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Re: Which report on premium helplines
Reply #20 - May 30th, 2008 at 10:03am
 
Clearly the Which Report and all the publicity it got will have informed just so many more people, but how do we capitalise on this so that it doesn't just become a one day wonder?

PS I met a Doctor the other day who was just absolutely livid about GPs using  the 0844 numbers!
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Re: Which report on premium helplines
Reply #21 - May 30th, 2008 at 3:30pm
 
Heinz wrote on May 29th, 2008 at 8:06pm:
derrick wrote on May 29th, 2008 at 5:47pm:
Part of the post in #10 above,(nothing against the poster); -

A 10-minute call from a BT landline to a geographic number costs 40p at most. But the same call can cost up to 1 to an 0870 or 0871 number, 60p for an 0845 number and 50p for an 0844 number.

Were do they get this from?
A 10 minute call from a BT line to 0845 will cost 20p plus the 6p set up fee!

I think they were quoting Sky's new (outrageous) prices.


They have specifically stated "from a BT line", I also heard it on several radio news reports and it was on Working Lunch, if they meant to say SKY, then they should have done so, the rest of the prices were correct from a BT line, so why would they mix that one up?
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Dave
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Re: Which report on premium helplines
Reply #22 - May 30th, 2008 at 7:47pm
 
Source: Manchester Evening News

http://www.manchestereveningnews.co.uk/news/s/1051904_weve_got_your_number

We've got your number
Paul Britton
30/ 5/2008

<<
THE MEN today publishes the low-cost alternative phone numbers for the companies who have been named and shamed for using premium-rate lines.

Which? found more than 30 companies and government bodies charging customers by using 0870, 0871, 0844 and 0845 prefixes for customer service, call centre, technical support or bill-paying lines.

It said they are using the higher-rate numbers and share revenue with the phone service suppliers, meaning the longer a consumer remains on a line, the more money the company makes.

Which? also surveyed how long consumers were kept on hold.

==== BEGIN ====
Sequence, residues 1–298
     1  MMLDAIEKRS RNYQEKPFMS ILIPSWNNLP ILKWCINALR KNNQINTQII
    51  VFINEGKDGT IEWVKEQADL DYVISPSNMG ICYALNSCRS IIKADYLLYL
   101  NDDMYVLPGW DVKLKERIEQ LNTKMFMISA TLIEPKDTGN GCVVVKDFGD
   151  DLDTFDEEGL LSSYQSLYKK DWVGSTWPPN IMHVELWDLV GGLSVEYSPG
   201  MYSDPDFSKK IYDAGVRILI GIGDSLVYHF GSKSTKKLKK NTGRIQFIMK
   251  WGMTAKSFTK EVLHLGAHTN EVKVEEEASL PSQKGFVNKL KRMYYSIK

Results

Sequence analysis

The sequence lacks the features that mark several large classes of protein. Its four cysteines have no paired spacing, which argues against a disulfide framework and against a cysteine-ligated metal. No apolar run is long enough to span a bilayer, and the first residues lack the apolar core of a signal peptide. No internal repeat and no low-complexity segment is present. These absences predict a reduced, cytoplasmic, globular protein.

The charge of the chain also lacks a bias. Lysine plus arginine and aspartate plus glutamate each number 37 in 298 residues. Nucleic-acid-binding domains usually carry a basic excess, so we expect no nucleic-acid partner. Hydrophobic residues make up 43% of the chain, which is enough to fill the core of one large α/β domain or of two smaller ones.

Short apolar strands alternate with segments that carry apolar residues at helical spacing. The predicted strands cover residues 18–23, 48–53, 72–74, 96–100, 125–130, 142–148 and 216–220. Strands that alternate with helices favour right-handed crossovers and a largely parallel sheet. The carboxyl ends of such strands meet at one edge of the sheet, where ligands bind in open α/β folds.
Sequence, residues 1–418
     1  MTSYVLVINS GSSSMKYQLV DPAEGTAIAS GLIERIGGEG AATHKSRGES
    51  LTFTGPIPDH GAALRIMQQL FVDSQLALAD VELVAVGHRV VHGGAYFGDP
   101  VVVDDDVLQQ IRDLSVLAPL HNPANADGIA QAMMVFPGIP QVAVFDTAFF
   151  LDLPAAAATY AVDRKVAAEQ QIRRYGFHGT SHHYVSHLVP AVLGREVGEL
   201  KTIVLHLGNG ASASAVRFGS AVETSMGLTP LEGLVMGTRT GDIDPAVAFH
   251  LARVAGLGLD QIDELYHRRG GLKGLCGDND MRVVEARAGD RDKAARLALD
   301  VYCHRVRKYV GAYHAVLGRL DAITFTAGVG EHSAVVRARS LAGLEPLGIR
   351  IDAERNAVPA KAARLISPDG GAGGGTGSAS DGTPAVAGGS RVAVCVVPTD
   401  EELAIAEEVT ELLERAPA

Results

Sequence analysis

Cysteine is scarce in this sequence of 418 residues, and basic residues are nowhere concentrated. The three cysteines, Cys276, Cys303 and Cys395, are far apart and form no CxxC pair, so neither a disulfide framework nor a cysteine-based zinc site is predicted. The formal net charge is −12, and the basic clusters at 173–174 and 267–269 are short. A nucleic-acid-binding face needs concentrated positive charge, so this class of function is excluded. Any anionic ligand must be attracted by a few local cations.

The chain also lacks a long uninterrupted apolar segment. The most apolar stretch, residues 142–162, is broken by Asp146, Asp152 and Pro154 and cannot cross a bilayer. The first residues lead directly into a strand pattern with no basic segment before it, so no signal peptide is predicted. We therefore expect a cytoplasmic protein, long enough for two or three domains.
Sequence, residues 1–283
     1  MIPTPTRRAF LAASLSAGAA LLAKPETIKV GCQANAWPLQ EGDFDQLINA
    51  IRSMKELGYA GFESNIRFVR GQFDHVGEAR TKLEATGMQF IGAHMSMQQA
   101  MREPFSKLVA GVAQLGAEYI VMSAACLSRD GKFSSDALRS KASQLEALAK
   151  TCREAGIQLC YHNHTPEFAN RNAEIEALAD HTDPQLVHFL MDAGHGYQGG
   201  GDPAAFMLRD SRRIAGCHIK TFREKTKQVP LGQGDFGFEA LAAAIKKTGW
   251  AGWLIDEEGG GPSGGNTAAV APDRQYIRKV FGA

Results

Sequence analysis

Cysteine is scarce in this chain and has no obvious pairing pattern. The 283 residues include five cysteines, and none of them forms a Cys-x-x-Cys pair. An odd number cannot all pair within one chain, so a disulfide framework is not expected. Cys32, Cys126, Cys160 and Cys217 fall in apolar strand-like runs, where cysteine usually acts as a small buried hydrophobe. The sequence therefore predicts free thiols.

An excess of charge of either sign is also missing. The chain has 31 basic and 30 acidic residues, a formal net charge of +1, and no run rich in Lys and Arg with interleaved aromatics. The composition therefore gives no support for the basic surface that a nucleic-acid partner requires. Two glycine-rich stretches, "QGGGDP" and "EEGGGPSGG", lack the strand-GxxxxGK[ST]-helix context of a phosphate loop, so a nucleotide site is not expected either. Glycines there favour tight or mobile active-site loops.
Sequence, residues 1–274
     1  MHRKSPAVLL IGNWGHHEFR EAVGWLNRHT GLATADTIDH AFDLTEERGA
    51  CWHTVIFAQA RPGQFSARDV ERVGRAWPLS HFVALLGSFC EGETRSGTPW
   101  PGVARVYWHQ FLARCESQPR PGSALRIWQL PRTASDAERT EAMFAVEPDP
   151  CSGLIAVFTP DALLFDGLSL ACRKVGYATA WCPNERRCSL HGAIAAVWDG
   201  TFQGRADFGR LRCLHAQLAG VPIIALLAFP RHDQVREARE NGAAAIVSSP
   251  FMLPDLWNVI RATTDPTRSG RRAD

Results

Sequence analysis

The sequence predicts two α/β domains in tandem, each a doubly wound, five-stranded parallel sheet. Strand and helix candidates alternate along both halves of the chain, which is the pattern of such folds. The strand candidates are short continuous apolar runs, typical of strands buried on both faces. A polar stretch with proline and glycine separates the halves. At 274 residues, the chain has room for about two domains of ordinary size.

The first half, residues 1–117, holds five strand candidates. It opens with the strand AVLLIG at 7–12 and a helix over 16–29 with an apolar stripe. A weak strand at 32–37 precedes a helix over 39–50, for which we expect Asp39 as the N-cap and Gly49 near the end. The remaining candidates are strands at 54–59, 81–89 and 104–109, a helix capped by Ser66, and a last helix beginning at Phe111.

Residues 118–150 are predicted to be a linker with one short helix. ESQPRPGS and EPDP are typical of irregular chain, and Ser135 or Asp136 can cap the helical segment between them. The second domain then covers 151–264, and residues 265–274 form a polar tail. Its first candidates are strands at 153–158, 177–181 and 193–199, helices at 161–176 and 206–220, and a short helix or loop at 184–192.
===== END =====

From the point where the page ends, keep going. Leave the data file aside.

The consumer group highlighted Admiral Insurance, Bell Insurance, Diamond Insurance, Elephant Insurance and broadband providers Tiscali, who all use highest rate prefix 0871 numbers. Numbers with this prefix can charge up to 10p per minute.

Carphone Warehouse, which has offices in Warrington, Philips, Sony and Apple technical support services were named for using 0870 prefixes.

Big-name companies

Other big-name national companies included AOL, Sky, Barclays, Direct Line, which has offices in Quay Street, Manchester, Orange, TV Licensing and the DVLA.

The Which? study revealed the DVLA made 3.4m from its 0870 number in the last 12 months.

British Gas, which has a call centre in Stretford, and Virgin Media, with offices in Wythenshawe, were included in the list for using the less expensive 0844 and 0845 numbers.

But all the companies have freephone and local numbers which are not advertised.

The DVLA, British Gas and AOL Broadband were found to have kept consumers hanging on the line the longest.

One call, to AOL Broadband, was kept on hold for 15 minutes.

Many of the local companies called into question have now defended the use of the numbers, saying they use the cheapest 845 option.

"Self-service"

A British Gas spokesman said: "We're offering our customers more ways to self-service, via the internet for example. It's important to stress that our emergency numbers for the public who may need to report a gas leak, are free - 0800 number. We use 0845, which is one of the cheapest chargeable rates - allowing us to strike the right balance between accessibility and customer service, which has improved by 85 per cent."

A spokesman for Virgin Media said they do have 0800 numbers which are sales numbers.

But the spokesman added: "We do use 0845 for customer services but that is optional. We give customers the choice."